6

I recently found the post Find if substring is in string (not in a file) where it is stated that considering

@setlocal enableextensions enabledelayedexpansion
@echo off
set str1=%1
if not x%str1:bcd=%==x%str1% echo It contains bcd
endlocal

then

the x before the two sides of the equality is to ensure that the string bcd works okay. It also protects against certain "improper" starting characters.

However, I haven't found any explanation about the actual effect of this x. So what is the difference between x"%string%" and "%string%"?

2
  • 1
    You can use other alphabetic characters instead of 'x', too. There is nothing special about 'x'.
    – DYZ
    Commented Sep 19, 2018 at 22:06
  • 4
    I have always quoted my string comparisons: if not "%str1:bcd=%"=="%str1%"
    – Squashman
    Commented Sep 20, 2018 at 1:34

2 Answers 2

8

That is simply a very bad coded string comparison. The x on both sides makes it possible to compare the two strings even if %str1:bcd=% or %str1% is substituted by Windows command processor on parsing entire command line by an empty string before execution of command IF.

But the batch file execution is nevertheless exited immediately by cmd.exe because of a syntax error in case of value of environment variable str1 contains a space character or "&<>|.

Enclosing an argument string in double quotes results in getting all characters except percent sign and with enabled delayed environment variable expansion also the exclamation mark interpreted as literal character including space which is outside a double quoted string interpreted as argument string separator.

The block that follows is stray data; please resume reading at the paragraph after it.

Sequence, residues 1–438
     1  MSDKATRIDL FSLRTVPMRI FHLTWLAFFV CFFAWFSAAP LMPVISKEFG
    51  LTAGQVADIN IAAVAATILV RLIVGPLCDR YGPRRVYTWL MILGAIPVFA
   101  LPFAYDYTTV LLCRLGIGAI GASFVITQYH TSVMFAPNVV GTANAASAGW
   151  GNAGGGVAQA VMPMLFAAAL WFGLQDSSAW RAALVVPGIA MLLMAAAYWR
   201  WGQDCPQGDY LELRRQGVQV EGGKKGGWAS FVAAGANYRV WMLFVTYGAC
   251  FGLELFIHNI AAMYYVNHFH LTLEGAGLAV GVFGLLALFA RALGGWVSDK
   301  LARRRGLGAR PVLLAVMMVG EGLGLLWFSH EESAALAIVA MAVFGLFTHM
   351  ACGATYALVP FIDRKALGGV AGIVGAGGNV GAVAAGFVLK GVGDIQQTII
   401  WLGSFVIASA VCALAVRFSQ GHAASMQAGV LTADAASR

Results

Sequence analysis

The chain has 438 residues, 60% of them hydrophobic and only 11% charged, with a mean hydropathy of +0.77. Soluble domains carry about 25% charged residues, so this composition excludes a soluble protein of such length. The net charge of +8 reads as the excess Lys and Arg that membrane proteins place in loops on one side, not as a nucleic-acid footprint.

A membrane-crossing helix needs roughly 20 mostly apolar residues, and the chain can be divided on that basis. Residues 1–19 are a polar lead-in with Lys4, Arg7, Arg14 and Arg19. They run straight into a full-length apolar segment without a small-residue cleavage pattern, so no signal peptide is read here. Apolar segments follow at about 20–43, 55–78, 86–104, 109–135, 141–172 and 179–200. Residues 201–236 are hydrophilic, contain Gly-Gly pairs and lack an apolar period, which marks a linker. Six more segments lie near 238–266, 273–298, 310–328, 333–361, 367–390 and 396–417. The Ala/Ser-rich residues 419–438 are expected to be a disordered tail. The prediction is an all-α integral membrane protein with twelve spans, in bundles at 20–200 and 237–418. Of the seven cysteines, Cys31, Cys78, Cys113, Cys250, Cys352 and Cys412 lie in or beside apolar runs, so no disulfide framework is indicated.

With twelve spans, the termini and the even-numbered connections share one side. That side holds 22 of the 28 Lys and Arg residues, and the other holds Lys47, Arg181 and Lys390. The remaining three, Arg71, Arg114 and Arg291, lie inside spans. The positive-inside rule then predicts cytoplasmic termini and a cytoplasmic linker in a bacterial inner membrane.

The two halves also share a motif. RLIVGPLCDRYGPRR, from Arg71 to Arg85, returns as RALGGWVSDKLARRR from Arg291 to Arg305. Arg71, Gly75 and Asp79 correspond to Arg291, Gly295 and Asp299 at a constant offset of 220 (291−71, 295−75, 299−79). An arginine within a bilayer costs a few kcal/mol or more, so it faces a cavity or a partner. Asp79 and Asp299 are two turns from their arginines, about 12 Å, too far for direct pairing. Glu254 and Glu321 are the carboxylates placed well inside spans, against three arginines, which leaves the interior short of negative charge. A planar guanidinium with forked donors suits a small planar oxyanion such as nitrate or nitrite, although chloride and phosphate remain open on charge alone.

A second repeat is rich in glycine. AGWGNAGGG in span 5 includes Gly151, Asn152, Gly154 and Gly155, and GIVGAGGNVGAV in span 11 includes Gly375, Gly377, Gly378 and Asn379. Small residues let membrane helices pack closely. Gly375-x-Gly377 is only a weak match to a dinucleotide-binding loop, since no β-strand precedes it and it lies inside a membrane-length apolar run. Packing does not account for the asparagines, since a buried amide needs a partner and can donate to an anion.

So much better is:

@echo off
setlocal EnableExtensions DisableDelayedExpansion
if "%~1" == "" goto EndBatch
set "str1=%~1"
if not "%str1:bcd=%" == "%str1%" echo It contains bcd
:EndBatch
endlocal

The first argument of the batch file is compared first without surrounding double quotes with an empty string. So if the batch file is started without any argument or with just "" as first argument string, Windows command processor executes the command GOTO resulting in restoring previous environment pushed on stack with command SETLOCAL and exits the batch file.

Otherwise the batch file is called really with an argument string. This argument string is assigned to environment variable str1 with removing surrounding double quotes if there are one. So on calling batch file with argument test the value test is assigned to environment variable str1 and on calling it with "another test" the value another test without the double quotes is assigned to str1. And even on calling the batch file with wrong coded argument string "bcd test (missing second ") just bcd test is assigned to the environment variable str1.

The IF condition compares the value of environment variable str1 with all occurrences of bcd removed with the unmodified variable value. The double quotes around the two strings make it possible to compare the two strings even on containing space or ampersand or the redirection operators <>|. The command IF includes the double quotes on comparing the two strings.

So is this code now safe?

No, it is not in case of somebody calls the batch file invalid with test_bcd" as argument string on which first double quote is missing. In this case the first IF command line executed by cmd.exe is:

if "test_bcd"" == "" goto EndBatch